Sunday, September 2, 2012

Grateful for Issac

Today is our second day of rain. I'm sorry our relief had to come at such a high price for the people of the Gulf States.

We so desperately needed this long rain. Last night there were tornado warnings all down the length of the state which then progressed eastward into Illinois and Kentucky. There were some reports of  damage, I'm sorry for those families too.

How strange it is, this ambivalence. The rain that is our blessing has been a curse for others.

This rain is a godsend for us as now we'll be able to put in a fall garden. When it lets up I'll go out and put a shovel to the ground just to see how far down the water percolated. My fruit trees look happier already.

The animals handle rain in very different ways. Goats hate it. Just a few drops will send them scurrying into their shelter. They don't even like wet soil so after the rain stops they come out just long enough to check for tasty pecan leaves that might have fallen and then they head back to their dry shelter.

Chickens have a complex social order and are positively OCD when it comes to where they sleep. The pullets refuse to sleep in the hen house with the old ladies. Instead they roost on top of the wood pile. Even when rain is coming down in buckets they won't stay in the coop with the geezers. They sit hunched on the wood pile, making pitiful squeaking noises. They can look absolutely drenched but the down feathers next to their skin remain dry.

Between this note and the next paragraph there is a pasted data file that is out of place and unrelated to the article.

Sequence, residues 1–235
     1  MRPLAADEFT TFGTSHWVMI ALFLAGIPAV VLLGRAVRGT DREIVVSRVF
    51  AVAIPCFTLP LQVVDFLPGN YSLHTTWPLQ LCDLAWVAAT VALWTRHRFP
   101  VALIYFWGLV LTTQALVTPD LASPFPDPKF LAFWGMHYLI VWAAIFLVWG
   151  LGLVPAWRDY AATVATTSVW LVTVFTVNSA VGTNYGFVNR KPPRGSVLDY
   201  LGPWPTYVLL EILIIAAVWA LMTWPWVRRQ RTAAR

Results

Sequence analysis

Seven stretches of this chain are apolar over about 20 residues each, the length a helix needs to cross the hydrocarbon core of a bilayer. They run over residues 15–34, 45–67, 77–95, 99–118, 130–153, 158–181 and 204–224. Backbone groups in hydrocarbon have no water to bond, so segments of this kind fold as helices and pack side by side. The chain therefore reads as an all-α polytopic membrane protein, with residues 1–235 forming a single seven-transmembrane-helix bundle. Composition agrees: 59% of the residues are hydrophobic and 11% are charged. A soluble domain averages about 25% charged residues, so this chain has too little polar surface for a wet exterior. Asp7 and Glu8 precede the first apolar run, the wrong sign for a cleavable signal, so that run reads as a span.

Turkeys are the least civilized of critters. They're kind of like the cave men of the poultry world. It can be raining cats and dogs with thunder and lightning and the turkeys are walking around the yard, calmly getting a drink from the waterers. They'll sit on the ground or roost on top of the coop but they have no interest in getting out of the rain. I have purposely let some mulberry trees grow up next to the oak tree so there is a place in the yard that is always sheltered and dry. Do the turkeys go there? Nope. They'd rather sit in the rain.

It's important to remember that, no matter how excited I may be about a good rain, I have to stay out of the garden until the soil and the leaves have a chance to dry. We humans are the primary means of transmission for many plant diseases. Viruses, bacteria, and fungi spores stick to our hands and our clothes. So many fungal spores need a fine layer of water to germinate so now is the time to hang out in the house with the kid and the pets. I hope your Sunday is as enjoyable as mine is so far.

Thanks Isaac.

1 comment:

  1. We're experiencing a bit of El Nino down under, hasn't rained in ages, even when it does, it's just a sprinkle. Not good for the garden!